The Las Vegas area is particularly threatened. As the Las Vegas Review-Journal reports:
"Smack in the middle is the Las Vegas Valley, which draws roughly 90 percent of its water from the river using two intake pipes at Lake Mead. A new deep-water intake is expected to go online by the end of summer, and the Southern Nevada Water Authority is rushing to design and build an associated pumping station to keep water flowing to the community even if the reservoir shrinks another 185 feet to 'dead pool,' the level at which that Hoover Dam can no longer release water.
Such a scenario was once unthinkable, but now water managers are spending a great deal of money preparing for it. The combined cost of the water authority's new intake pipe and pump station will likely top $1.4 billion."
As global temperatures continue rising, and more demands are placed on dwindling reservoirs, water availability is likely to become one of the crucial issues facing populations across the globe.
Conserving water at home
We all need to do our part to help conserve water - here are 10 facts about the amount of water we waste, as compiled by Jon Clift and Amanda Cuthbert, authors of Water: Use Less - Save More:
• Americans now use 127 percent more water than we did in 1950.
• About 95 percent of the water entering our homes goes down the drain.
• Running the tap while brushing your teeth can waste 4 gallons of water.
• Older toilets can use 3 gallons of clean water with every flush, while new toilets use as little as 1 gallon.
• Leaky faucets that drip at the rate of one drop per second can waste up to 2,700 gallons of water each year.
• A garden hose or sprinkler can use almost as much water in an hour as an average family of four uses in one day.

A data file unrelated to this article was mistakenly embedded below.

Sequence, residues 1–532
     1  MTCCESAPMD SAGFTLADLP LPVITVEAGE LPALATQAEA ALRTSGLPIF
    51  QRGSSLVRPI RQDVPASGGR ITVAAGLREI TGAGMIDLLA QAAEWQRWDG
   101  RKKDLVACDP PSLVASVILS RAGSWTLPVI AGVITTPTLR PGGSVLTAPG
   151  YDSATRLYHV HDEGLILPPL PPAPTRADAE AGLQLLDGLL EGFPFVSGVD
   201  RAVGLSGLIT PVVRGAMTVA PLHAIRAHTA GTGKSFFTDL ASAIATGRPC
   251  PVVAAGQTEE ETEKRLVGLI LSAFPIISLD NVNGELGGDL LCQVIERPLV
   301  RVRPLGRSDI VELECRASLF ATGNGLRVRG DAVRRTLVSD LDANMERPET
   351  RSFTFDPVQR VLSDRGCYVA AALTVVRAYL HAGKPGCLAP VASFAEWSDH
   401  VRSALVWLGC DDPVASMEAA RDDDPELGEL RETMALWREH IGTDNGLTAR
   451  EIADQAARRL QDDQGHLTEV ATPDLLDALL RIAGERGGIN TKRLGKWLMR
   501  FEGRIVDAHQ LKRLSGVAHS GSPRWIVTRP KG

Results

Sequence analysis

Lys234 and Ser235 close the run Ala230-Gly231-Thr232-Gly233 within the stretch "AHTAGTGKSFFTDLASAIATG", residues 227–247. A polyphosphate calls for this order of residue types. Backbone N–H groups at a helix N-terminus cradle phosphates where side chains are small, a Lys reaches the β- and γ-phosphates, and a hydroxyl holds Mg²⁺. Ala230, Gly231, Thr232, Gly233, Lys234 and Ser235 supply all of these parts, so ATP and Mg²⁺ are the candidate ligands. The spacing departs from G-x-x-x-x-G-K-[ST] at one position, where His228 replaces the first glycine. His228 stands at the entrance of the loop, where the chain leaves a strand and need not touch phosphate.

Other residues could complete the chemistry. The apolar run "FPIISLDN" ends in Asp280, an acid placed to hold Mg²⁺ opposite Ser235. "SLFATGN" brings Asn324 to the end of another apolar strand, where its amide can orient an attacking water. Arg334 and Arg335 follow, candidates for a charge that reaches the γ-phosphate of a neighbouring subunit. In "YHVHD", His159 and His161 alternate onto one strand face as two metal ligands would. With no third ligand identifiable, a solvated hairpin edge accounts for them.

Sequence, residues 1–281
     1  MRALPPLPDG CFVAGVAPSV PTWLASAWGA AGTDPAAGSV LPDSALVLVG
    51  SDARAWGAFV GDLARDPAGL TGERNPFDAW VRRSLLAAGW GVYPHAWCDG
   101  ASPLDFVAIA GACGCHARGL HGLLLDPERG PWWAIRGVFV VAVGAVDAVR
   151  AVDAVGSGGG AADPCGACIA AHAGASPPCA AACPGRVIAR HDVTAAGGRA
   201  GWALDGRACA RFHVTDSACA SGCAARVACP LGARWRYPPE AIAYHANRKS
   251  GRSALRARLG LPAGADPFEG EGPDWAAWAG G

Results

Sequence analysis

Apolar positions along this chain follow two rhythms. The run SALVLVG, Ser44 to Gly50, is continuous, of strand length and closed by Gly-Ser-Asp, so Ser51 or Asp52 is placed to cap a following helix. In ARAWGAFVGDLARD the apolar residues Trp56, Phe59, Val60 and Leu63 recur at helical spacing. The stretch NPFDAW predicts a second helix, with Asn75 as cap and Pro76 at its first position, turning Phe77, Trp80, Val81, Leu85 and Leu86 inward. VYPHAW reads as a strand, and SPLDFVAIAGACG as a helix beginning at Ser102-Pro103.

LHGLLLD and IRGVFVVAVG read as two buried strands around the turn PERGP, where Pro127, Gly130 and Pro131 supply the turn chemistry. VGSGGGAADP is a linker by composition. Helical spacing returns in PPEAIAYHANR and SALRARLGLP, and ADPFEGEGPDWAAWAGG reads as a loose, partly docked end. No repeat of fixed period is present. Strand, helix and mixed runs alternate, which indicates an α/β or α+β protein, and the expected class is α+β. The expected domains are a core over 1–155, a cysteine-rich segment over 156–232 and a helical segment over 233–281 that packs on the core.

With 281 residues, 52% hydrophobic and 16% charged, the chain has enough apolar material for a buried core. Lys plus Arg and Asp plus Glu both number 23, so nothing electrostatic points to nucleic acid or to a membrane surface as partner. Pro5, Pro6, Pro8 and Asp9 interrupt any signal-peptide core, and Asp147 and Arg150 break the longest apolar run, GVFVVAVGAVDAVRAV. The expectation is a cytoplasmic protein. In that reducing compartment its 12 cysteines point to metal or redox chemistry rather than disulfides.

• A water-efficient dishwasher will use as little a 4 gallons per wash cycle, whereas some older models use up to 13 gallons per cycle.
• Some experts estimate that more than 50 percent of landscape water use goes to waste due to evaporation or runoff caused by over-watering.
• Many people in the world exist on 3 gallons of water per day or less. We can use that amount in one flush of the toilet.
• Over a quarter of all the clean, drinkable water you use in your home is used to flush the toilets.
Majority of world’s largest aquifers are being drained at unsustainable rate, NASA data show
July 16, 2015 1:27 pm EDT
VIDEO... Water: The New Gold?
Jul 14, 2015
Guest(s): Scott Rickards CEO, Waterfunds LLC
New Evidence Links Fluoride to Increasing Cases of ADHD
More water fluoridation = more ADHD by Robert Harrington
Posted on June 30, 2015
Read more: http://naturalsociety.com/new-evidence-links-fluoride-to-increasing-cases-of-adhd/#ixzz3f1evCJ00
U.S. Drought Monitor Classification Scheme
YouTube has lots of Rain Water Collection videos:
I work at a recycled water facility in California...seeing some very unique tech, although most are not publicly traded companies.
This is why to invest in quality water companies:
California Has Never Experienced A Water Crisis Of This Magnitude – And The Worst Is Yet To Come
Posted on June 24, 2015 by The Doc